United States District Court, E.D. Wisconsin
DECISION AND ORDER WITHDRAWING THE REPORT AND
RECOMMENDATION (DOCKET # 18), AND SCREENING AND DISMISSING
THE AMENDED COMPLAINT (DOCKET #9)
JOSEPH, UNITED STATES MAGISTRATE JUDGE.
September 15, 2016, Edward Anderson filed a civil rights
complaint under 42 U.S.C. §1983, along with a motion to
proceed without prepayment of the filing fee under 28 U.S.C.
§ 1915. (Docket #1-2). Anderson also filed two motions
requesting to use his release account to pay the balance of
the filing fee. (Docket # 8, 10).
9, 2017, I issued a decision and order denying both motions
to use his release account and screening and dismissing the
amended complaint for failure to state a claim. (Docket #14).
Anderson then filed a motion to reconsider my decision and
order, on May 24, 2017, which I granted in part and denied in
part. (Docket #17). Regarding use of his release account, I
considered the merits of his argument and denied the motion
to reconsider because he had not shown manifest error of law
or fact or newly discovered evidence. (Id. at 2).
Regarding dismissal of his amended complaint for failure to
state a claim, I noted that the defendants had not had an
opportunity to consent to magistrate judge jurisdiction,
therefore, I vacated the order. (Id. at 3); see
also Coleman v. Labor and Industry Review Comm'n of the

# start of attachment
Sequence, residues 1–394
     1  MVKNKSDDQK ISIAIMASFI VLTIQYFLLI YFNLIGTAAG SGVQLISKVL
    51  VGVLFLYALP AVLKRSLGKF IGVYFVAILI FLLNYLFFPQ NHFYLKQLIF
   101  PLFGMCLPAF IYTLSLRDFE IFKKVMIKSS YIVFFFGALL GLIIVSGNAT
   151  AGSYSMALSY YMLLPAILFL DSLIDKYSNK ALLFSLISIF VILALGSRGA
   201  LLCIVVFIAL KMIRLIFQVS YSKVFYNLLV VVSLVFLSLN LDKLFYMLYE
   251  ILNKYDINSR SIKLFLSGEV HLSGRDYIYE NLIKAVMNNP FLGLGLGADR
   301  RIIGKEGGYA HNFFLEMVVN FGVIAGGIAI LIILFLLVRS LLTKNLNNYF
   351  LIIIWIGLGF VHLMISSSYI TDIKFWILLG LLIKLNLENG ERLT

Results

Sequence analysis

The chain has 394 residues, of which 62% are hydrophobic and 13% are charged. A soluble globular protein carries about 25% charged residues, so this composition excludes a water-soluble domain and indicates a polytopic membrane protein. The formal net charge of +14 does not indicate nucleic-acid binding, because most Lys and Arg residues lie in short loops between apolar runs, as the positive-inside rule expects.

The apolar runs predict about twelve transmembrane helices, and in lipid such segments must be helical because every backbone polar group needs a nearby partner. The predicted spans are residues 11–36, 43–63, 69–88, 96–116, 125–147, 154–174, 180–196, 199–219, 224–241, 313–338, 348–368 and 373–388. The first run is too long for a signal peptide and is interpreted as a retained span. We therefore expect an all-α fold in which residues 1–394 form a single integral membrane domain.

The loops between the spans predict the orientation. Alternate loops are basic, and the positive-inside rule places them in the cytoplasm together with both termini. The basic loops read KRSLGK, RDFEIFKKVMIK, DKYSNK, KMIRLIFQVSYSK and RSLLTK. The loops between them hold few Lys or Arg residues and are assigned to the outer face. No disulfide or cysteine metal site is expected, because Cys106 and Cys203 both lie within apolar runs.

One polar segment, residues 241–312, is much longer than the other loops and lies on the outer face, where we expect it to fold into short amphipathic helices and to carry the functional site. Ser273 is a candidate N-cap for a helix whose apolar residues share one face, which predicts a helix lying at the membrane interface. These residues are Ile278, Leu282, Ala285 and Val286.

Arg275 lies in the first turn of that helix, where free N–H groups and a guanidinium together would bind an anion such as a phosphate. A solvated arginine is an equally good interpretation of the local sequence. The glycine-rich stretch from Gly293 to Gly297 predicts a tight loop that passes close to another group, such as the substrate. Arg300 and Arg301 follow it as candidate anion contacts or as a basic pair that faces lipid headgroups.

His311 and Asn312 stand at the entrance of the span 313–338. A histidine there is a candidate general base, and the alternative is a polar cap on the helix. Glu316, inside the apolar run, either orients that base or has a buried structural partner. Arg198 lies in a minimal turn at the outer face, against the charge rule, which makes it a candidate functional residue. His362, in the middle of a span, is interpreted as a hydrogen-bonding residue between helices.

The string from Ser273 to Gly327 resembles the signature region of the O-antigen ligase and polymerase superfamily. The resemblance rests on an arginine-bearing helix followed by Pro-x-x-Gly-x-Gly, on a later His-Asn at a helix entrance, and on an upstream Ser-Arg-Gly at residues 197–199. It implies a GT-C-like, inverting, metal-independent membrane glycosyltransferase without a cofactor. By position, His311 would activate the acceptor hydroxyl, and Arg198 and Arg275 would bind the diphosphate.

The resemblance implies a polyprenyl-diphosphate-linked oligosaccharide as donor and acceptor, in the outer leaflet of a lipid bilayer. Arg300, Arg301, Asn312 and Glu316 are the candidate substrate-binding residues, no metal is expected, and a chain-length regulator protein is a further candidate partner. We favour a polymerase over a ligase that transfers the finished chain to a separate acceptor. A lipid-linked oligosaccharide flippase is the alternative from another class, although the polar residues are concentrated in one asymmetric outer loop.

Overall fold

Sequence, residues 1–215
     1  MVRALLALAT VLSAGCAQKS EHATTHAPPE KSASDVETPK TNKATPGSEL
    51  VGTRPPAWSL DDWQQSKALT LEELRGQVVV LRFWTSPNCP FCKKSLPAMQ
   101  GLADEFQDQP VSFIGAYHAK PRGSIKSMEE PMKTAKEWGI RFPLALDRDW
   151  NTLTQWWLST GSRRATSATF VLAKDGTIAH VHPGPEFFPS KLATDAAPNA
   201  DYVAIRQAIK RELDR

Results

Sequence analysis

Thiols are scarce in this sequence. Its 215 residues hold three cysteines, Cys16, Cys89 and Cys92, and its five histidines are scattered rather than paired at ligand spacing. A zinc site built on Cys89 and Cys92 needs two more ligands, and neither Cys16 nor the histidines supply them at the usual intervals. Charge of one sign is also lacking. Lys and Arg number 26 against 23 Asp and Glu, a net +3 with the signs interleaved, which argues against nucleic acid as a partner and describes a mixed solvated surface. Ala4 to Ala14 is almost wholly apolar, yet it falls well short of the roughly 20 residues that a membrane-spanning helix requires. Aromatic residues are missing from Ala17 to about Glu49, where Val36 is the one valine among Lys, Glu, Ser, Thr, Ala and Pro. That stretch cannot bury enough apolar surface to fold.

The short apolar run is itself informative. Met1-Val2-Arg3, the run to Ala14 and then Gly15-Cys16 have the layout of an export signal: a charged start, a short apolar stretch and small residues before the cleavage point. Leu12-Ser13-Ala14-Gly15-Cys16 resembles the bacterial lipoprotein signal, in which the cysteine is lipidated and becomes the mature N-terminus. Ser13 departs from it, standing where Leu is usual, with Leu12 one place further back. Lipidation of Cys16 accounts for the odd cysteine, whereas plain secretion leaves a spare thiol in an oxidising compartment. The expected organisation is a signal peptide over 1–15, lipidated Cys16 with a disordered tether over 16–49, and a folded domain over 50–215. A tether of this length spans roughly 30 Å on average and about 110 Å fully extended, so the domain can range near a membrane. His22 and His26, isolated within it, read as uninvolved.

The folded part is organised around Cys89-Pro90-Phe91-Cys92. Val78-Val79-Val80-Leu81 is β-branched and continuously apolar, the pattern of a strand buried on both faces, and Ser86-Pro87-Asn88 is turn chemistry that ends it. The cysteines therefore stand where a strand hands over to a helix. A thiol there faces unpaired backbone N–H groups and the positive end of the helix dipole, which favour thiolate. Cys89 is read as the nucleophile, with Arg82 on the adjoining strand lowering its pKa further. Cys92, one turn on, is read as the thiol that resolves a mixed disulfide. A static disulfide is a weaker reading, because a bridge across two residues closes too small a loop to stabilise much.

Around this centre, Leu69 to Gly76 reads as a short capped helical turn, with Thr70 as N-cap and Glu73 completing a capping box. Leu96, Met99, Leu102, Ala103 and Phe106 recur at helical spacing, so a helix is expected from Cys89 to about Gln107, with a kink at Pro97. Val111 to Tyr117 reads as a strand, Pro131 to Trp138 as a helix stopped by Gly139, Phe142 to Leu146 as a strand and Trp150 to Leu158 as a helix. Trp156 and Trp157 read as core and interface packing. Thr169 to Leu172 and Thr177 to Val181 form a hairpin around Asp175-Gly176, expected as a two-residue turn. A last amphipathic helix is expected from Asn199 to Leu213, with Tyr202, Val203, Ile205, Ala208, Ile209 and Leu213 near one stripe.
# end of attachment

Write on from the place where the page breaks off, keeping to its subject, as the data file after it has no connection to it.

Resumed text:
State of Wis., 860 F.3d 461, 475 (7th Cir. 2017). I then
converted the screening portion of my decision and order into
a Report and Recommendation, and the Clerk of Court assigned
it to District Court Judge Pamela Pepper on July 19, 2017.
(Docket # 18).
March 14, 2018, the Wisconsin Department of Justice
(“DOJ”) signed a memorandum of understanding
(“MOU”) consenting to magistrate judge
jurisdiction for the purpose of screening complaints under 28
U.S.C. § 1915A. The defendants in this case are
Department of Corrections (“DOC”) employees who
are covered under the MOU. Given the defendants' consent
to my jurisdiction, I will withdraw my Report and
Recommendation and will re-screen the amended complaint.
in the Amended Complaint
January 28, 2016, Anderson arrived at the Kettle Moraine
Correctional Institution (“KMCI”) and was placed
in the “intake unit.” Defendant Michael Huck,
along with other correctional officers in the KMCI
mail/property room, gave Anderson an orientation on KMCI
policies and procedures concerning mail and property. Several
days later, defendants Robert Humphreys and Kelly
Salinas spoke at an orientation that was mandatory
for all newly arriving inmates. Neither orientation described
a prison policy which allowed prison staff to take and
destroy mail/property without an inmate's express
March 28, 2016, Anderson received a “Notice of
Non-delivery of Mail” which explained that defendant
Timothy Immel destroyed a letter sent to Anderson because it
smelled of perfume. Anderson wrote to Huck and defendant Rory
Thelen about his right to appeal the decision through the
Inmate Complaint Review System (“ICRS”). Anderson
received no response.
days later, Anderson submitted an inmate complaint (KMCI
2016-7133) regarding the denial of his mail. Kelly Salinas